Reagent Drug Safety Test Kit Instructions

How to Check Your Drugs with a Reagent Safety Test Kit

What is a reagent drug test?

Reagent drug testing is also commonly referred to as 'pill testing'. Reagents are chemical substances that exhibit specific colour changes upon interacting with particular drugs. It's important to note that testing your pills with reagent drug tests have their limitations. Reagent drug tests are not capable of detecting all types of drugs, and they cannot provide information regarding the purity or potency of the drugs being tested. Even if your results show the colours that match with the drugs that you believe you have, it's still possible that other drugs may also be present. This is due to the following reasons:

  1. Not all drugs exhibit a colour change when exposed to reagents.
  2. Darker colours may mask or obscure lighter colours in the reaction.
  3. Extremely small quantities of a drug may not produce a visible change in colour.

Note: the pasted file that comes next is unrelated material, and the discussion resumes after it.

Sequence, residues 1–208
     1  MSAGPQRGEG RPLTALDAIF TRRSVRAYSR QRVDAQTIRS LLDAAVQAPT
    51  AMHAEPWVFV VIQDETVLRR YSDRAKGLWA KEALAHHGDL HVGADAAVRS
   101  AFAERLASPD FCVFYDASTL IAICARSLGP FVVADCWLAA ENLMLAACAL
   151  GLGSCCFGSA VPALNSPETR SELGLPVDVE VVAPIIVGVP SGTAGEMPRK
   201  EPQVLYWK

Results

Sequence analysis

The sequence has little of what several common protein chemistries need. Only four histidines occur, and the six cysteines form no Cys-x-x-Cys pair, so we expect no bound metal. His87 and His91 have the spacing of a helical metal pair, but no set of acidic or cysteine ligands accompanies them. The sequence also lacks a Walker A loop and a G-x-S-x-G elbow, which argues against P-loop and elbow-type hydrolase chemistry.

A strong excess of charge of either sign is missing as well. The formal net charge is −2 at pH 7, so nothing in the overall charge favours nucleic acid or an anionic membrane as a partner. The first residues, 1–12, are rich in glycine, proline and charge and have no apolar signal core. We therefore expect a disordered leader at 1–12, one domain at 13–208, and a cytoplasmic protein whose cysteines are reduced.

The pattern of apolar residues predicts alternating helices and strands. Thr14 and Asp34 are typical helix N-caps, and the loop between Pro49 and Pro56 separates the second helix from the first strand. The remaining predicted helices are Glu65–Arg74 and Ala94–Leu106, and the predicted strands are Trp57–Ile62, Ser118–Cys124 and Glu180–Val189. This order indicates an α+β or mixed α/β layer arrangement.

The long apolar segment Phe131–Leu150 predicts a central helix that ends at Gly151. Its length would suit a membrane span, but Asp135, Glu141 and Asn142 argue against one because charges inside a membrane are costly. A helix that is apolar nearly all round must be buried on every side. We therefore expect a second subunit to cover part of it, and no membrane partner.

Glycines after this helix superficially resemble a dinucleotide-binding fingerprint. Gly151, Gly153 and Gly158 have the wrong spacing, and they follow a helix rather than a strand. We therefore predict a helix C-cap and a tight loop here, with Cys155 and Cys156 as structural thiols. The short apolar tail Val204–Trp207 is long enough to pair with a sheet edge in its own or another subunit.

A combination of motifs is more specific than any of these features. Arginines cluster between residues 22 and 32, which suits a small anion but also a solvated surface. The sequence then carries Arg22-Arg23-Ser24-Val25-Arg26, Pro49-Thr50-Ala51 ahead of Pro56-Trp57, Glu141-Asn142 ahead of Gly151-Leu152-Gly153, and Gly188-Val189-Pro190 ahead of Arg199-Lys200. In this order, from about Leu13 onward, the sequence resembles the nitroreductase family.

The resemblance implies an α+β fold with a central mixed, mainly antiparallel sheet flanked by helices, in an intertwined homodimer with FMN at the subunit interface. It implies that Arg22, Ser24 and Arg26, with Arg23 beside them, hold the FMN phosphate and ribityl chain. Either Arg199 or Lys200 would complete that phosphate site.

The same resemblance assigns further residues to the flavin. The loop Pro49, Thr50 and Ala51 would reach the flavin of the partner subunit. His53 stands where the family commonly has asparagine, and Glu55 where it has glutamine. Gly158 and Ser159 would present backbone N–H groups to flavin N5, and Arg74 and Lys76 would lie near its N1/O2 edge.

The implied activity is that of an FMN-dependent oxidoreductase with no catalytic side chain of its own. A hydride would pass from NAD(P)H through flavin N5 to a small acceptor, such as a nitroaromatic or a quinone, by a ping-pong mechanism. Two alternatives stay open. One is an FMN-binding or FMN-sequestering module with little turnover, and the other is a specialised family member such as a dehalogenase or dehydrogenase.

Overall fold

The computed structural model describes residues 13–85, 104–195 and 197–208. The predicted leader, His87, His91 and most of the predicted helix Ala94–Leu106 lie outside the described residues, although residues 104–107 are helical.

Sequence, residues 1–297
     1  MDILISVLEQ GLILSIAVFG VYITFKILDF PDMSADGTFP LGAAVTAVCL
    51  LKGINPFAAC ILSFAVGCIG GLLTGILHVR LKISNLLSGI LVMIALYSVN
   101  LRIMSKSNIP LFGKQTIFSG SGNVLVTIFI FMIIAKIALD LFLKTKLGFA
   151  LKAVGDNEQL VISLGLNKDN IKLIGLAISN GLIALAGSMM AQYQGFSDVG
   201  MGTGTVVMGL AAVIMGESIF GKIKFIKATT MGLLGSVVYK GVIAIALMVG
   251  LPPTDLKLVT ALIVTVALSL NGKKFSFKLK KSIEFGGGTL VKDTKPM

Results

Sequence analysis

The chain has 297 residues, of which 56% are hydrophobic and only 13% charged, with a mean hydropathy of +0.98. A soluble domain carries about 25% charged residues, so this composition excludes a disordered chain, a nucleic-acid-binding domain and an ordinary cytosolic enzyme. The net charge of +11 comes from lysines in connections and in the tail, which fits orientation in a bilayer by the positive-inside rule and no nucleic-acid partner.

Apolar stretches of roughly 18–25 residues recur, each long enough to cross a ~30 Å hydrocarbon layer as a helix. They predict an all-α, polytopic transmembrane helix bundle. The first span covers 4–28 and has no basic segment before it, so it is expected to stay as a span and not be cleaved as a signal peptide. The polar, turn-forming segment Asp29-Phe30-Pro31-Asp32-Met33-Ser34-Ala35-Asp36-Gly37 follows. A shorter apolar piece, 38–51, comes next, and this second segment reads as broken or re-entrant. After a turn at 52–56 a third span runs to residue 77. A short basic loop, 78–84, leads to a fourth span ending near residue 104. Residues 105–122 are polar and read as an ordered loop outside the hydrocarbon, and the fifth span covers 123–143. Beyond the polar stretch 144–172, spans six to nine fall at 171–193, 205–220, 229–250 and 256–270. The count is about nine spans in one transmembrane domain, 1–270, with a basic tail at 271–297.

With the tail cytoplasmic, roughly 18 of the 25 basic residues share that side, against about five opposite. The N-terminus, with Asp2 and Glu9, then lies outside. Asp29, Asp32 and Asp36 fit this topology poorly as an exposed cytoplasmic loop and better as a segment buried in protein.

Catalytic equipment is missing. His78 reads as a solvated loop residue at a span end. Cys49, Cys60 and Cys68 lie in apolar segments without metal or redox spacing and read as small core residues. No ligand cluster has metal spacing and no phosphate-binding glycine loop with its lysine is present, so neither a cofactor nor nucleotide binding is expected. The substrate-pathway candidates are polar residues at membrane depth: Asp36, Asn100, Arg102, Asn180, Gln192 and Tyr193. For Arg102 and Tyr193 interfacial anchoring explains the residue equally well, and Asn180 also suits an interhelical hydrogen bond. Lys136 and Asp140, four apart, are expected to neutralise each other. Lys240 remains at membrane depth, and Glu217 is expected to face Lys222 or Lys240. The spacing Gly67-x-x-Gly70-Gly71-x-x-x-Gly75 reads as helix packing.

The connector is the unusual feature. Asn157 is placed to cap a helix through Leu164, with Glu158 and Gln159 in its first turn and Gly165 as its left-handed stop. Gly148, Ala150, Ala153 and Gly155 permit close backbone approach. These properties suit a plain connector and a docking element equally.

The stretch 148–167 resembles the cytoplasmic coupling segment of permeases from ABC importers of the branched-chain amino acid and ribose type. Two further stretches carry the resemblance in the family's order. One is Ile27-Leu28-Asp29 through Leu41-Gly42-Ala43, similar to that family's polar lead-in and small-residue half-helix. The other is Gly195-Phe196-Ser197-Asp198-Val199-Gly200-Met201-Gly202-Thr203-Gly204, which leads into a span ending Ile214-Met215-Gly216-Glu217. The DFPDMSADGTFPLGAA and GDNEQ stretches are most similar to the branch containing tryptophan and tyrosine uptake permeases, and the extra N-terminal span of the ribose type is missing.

Despite these constraints, reagent drug testing remains a valuable tool for testing your pills and other drugs, as they can confirm the absence of the specific drug you are testing for.

DanceSafe reagent drug test kits

What Can Reagent Drug Tests Do?

  • Detect the presence of certain drugs in your sample
  • Inform you about whether or not your drug sample is suspicious 
  • Assist you in making an informed choice regarding the consumption of a drug

What Can’t Reagent Drug Tests Do?

  • Indicate the potency or strength of your drug sample
  • Indicate the purity of your drug sample
  • Give you exact details about the composition of your drug sample

How to use reagent drug tests 

Step 1) Put a small amount of your drug that you will be testing onto a non-absorbent, white surface, such as a white ceramic plate. 

  • Your “sample” should be about the size of a pinhead
  • For pressed pills, take a sharp knife and scrape a small amount of powder off the side of the pill
  • For blotter paper, cut off a small piece of the corner of the paper
  • For drugs in liquid form, put one drop onto the white surface 


Step 2) Place one drop of the reagent onto your drug sample

  • Be careful not to let the reagent bottle touch your drug sample, or it will contaminate the whole bottle
  • If the reagent you are using has two different bottles that must be used, such as the ones called Morris, Simon’s, or Folin, place one drop from bottle A and another drop from bottle B